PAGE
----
The S3 ObjectCreated or ObjectDelete events trigger an AWS Lambda function that parses the object and performs an add/update/delete operation to keep the metadata index up to date. You can implement a simple workflow for any other storage layer, such as Amazon Relational Database Service (RDS), Amazon Aurora, or Amazon Elasticsearch Service (ES). We use Amazon DynamoDB and Amazon RDS for PostgreSQL as the index metadata storage options, but our approach is flexible to any other technology.

Flow 2: Purge data

When a user asks for their data to be deleted, we trigger an AWS Step Functions state machine through Amazon CloudWatch to orchestrate the workflow. Its first step triggers a Lambda function that queries the metadata index to identify the storage layers that contain user records and generates a report that’s saved to an S3 report bucket. A Step Functions activity is created and picked up by a Lambda Node JS based worker that sends an email to the approver through Amazon Simple Email Service (SES) with approve and reject links.

The following diagram shows a graphical representation of the Step Function state machine as seen on the AWS Management Console.

The approver selects one of the two links, which then calls an Amazon API Gateway endpoint that invokes Step Functions to resume the workflow. If you choose the approve link, Step Functions triggers a Lambda function that takes the report stored in the bucket as input, deletes the objects or records from the storage layer, and updates the index metastore. When the purging job is complete, Amazon Simple Notification Service (SNS) sends a success or fail email to the user.

The following diagram represents the Step Functions flow on the console if the purge flow completed successfully.

For the complete code base, see step-function-definition.json in the GitHub repo.

Flow 3: Batch metastore update

This flow refers to the use case of an existing data lake for which index metastore needs to be created. You can orchestrate the flow through AWS Step Functions, which takes historical data as input and updates metastore through a batch job. Our current implementation doesn’t include a sample script for this user flow.

Our framework

We now walk you through the two use cases we followed for our implementation:

  • You have multiple user records stored in each Amazon S3 file
  • A user has records stored in homogenous AWS storage layers

Within these two approaches, we demonstrate alternatives that you can use to store your index metastore.

Indexing by S3 URI and row number

For this use case, we use a free tier RDS Postgres instance to store our index. We created a simple table with the following code:

CREATE UNLOGGED TABLE IF NOT EXISTS user_objects (
				userid TEXT,
				s3path TEXT,
				recordline INTEGER
			);

You can index on user_id to optimize query performance. On object upload, for each row, you need to insert into the user_objects table a row that indicates the user ID, the URI of the target Amazon S3 object, and the row that corresponds to the record. For instance, when uploading the following JSON input, enter the following code:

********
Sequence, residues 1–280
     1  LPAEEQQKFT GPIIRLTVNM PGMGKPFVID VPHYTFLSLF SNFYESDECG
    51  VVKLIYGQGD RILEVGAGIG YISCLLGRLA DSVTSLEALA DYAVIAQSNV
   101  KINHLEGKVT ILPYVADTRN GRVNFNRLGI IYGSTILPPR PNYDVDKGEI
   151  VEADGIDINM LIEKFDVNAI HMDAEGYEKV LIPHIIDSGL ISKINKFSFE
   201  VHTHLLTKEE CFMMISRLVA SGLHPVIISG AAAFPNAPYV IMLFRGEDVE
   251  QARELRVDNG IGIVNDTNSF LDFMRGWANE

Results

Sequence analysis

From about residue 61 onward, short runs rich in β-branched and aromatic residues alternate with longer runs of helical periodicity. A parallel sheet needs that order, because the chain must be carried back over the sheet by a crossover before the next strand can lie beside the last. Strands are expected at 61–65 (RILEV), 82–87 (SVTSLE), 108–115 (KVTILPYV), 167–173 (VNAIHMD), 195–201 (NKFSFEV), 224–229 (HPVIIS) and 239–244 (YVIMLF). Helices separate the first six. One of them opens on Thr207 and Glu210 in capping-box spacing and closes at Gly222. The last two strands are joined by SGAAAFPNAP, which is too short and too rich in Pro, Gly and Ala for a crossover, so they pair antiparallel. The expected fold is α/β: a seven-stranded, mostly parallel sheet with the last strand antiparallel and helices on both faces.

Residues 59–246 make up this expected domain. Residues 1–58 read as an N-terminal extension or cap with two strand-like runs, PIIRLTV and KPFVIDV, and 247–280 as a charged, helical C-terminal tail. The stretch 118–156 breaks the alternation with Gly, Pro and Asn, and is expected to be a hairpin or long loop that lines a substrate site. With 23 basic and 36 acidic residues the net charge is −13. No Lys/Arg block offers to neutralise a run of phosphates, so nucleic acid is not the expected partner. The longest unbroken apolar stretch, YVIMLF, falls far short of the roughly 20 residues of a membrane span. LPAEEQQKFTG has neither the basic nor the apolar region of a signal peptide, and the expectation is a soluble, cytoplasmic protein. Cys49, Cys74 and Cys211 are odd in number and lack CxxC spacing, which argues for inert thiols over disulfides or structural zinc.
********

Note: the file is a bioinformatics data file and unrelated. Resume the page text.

{"user_id":"V34qejxNsCbcgD8C0HVk-Q","body":"…"}
{"user_id":"ofKDkJKXSKZXu5xJNGiiBQ","body":"…"}
{"user_id":"UgMW8bLE0QMJDCkQ1Ax5Mg","body ":"…"}

We insert the tuples into user_objects in the Amazon S3 location s3://gdpr-demo/year=2018/month=2/day=26/input.json. See the following code:

(“V34qejxNsCbcgD8C0HVk-Q”, “s3://gdpr-demo/year=2018/month=2/day=26/input.json”, 0)
(“ofKDkJKXSKZXu5xJNGiiBQ”, “s3://gdpr-demo/year=2018/month=2/day=26/input.json”, 1)
(“UgMW8bLE0QMJDCkQ1Ax5Mg”, “s3://gdpr-demo/year=2018/month=2/day=26/input.json”, 2)

You can implement the index update operation by using a Lambda function triggered on any Amazon S3 ObjectCreated event.

When we get a delete request from a user, we need to query our index to get some information about where we have stored the data to delete. See the following code:

SELECT s3path,
                ARRAY_AGG(recordline)
                FROM user_objects
                WHERE userid = ‘V34qejxNsCbcgD8C0HVk-Q’
                GROUP BY;

The preceding example SQL query returns rows like the following:

(“s3://gdpr-review/year=2015/month=12/day=21/review-part-0.json“, {2102,529})

The output indicates that lines 529 and 2102 of S3 object s3://gdpr-review/year=2015/month=12/day=21/review-part-0.json contain the requested user’s data and need to be purged. We then need to download the object, remove those rows, and overwrite the object. For a Python implementation of the Lambda function that implements this functionality, see deleteUserRecords.py in the GitHub repo.

Having the record line available allows you to perform the deletion efficiently in byte format. For implementation simplicity, we purge the rows by replacing the deleted rows with an empty JSON object. You pay a slight storage overhead, but you don’t need to update subsequent row metadata in your index, which would be costly. To eliminate empty JSON objects, we can implement an offline vacuum and index update process.

Indexing by file name and grouping by index key